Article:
Plea bargaining was introduced in India by Criminal Law (Amendment) Act, 2005, which amended the Code of Criminal Procedure and introduced a new chapter XXI(A) in the code, enforceable from January 11, 2006, which affects cases in which the maximum punishment is imprisonment for 7 years; however, offenses affecting the socio-economic condition of the country and offenses committed against a woman or a child below 14 are excluded.
Plea bargain as a formal legal provision was introduced in Pakistan by the National Accountability Ordinance 1999, an anti-corruption law. A special feature of this plea bargain is that the accused applies for it, accepting guilt, and offers to return the proceeds of corruption as determined by investigators/prosecutors. After an endorsement by the Chairman National Accountability Bureau, the request is presented before the court, which decides whether it should be accepted or not. If the request for plea bargain is accepted by the court, the accused stands convicted but neither is sentenced if in trial nor undergoes any sentence previously pronounced by a lower court if in appeal. The accused is disqualified to take part in elections, hold any public office, or obtain a loan from any bank; the accused is also dismissed from service if a government official.
In other cases, formal plea bargains in Pakistan are limited, but the prosecutor has the authority to drop a case or a charge in a case and, in practice, often does so, in return for a defendant pleading guilty on some lesser charge. No bargaining takes place over the penalty, which is the court's sole privilege.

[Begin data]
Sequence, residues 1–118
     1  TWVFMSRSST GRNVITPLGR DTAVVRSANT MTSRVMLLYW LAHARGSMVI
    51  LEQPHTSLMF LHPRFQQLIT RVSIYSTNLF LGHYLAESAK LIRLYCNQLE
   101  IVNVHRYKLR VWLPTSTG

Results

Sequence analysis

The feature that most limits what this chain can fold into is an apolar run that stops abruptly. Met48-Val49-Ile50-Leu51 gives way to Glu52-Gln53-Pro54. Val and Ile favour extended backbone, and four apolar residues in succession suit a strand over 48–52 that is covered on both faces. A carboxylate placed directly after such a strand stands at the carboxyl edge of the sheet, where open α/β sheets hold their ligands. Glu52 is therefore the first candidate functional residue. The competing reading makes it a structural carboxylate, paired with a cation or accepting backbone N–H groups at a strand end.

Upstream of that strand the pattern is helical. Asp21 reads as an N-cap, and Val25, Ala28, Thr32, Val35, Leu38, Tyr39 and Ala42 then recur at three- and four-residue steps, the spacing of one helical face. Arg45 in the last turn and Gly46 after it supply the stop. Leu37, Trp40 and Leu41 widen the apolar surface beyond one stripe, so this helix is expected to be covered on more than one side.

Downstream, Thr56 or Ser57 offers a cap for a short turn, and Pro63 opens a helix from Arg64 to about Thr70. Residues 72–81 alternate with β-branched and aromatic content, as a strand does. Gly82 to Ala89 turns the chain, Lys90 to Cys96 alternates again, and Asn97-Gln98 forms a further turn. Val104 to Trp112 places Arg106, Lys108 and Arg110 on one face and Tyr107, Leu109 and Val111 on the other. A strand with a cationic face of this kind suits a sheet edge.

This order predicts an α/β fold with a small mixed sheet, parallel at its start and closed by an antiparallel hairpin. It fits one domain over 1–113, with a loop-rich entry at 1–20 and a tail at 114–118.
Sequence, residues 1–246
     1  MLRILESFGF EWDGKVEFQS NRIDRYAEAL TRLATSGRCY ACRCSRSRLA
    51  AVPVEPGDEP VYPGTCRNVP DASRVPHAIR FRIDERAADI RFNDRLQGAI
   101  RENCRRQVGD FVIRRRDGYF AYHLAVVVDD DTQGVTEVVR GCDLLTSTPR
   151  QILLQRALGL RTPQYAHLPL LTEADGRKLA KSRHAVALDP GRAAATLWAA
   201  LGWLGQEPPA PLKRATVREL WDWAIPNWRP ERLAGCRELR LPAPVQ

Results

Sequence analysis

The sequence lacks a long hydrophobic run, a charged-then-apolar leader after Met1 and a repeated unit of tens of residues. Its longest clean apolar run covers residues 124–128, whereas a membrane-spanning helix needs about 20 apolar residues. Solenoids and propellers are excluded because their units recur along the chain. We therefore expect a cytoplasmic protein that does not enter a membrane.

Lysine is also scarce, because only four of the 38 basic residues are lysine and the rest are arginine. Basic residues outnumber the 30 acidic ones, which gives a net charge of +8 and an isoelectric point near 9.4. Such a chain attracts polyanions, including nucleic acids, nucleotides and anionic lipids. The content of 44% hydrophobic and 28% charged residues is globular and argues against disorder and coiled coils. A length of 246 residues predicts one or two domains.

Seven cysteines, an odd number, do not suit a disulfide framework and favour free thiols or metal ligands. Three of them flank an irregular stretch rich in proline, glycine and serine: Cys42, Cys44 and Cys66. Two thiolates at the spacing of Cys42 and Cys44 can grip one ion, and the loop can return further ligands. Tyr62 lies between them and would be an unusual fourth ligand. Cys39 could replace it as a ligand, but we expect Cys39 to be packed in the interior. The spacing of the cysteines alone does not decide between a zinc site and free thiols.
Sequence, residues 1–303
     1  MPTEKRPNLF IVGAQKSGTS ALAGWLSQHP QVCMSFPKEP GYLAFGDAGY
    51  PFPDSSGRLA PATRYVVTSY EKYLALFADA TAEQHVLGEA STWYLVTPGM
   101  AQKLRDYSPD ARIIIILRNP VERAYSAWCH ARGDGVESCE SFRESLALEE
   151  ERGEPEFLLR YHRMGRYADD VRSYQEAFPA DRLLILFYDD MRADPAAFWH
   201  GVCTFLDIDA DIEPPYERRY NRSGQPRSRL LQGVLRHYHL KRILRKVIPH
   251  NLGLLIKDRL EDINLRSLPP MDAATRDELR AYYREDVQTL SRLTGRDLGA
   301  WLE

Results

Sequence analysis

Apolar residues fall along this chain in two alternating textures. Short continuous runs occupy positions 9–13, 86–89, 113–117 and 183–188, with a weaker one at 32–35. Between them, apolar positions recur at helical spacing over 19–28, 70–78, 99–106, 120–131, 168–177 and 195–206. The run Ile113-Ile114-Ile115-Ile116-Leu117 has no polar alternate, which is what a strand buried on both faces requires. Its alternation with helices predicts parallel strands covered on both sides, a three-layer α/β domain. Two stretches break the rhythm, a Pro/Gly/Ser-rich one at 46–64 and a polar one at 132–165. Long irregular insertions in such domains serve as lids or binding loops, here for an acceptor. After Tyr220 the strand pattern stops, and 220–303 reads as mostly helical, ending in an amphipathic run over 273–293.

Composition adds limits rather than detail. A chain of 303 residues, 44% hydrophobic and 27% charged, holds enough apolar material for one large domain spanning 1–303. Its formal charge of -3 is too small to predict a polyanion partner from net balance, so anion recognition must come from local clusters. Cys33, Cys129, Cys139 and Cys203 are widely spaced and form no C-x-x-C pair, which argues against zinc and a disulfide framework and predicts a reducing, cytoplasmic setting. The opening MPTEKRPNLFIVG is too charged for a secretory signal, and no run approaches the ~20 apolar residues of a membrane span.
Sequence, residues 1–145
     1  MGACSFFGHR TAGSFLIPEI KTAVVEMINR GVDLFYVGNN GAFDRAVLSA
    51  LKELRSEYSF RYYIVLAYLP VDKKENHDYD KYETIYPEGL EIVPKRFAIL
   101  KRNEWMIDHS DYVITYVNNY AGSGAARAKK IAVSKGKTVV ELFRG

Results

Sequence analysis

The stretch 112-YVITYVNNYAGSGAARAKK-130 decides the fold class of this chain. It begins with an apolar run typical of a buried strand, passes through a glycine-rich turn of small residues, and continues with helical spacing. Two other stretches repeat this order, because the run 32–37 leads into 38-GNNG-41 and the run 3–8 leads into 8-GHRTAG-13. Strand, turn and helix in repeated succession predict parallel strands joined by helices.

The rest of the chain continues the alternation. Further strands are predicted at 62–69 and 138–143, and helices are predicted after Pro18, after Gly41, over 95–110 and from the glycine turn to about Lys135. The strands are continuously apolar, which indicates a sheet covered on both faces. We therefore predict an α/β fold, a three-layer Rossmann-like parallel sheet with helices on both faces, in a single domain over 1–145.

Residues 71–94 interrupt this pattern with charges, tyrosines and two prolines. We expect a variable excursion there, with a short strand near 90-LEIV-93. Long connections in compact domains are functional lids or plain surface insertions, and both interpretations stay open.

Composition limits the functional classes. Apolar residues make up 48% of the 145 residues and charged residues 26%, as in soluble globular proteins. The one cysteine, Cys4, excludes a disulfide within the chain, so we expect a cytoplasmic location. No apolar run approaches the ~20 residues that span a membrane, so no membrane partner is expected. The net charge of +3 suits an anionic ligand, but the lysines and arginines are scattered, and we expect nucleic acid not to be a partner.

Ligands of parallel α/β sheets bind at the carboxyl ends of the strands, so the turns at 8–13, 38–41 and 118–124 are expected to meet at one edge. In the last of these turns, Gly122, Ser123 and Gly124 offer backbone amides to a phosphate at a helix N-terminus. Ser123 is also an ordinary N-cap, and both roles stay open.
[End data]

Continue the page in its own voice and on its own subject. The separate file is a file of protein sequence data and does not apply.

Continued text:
In some common law jurisdictions, such as England and Wales and the Australian state of Victoria, plea bargaining is permitted only to the extent that the prosecutors and the defense can agree that the defendant will plead guilty to some charges and the prosecutor will drop the remainder. The courts in these jurisdictions have made it plain that they will always decide what the appropriate penalty is to be. No bargaining takes place over the penalty. However, although this is not conducting a plea bargain, in cases before the Crown Court, the defence can request an indication from the judge of the likely maximum sentence that would be imposed should the defendant decide to plead guilty.
In the case of hybrid offences in England and Wales, the decision whether to deal with a case in Magistrates Court or Crown Court is not made by magistrates until after a plea has been entered. A defendant is thus unable to plead guilty in exchange for having a case dealt with in Magistrates' Court (which has lesser sentencing powers).
|This section needs additional citations for verification. (January 2009)|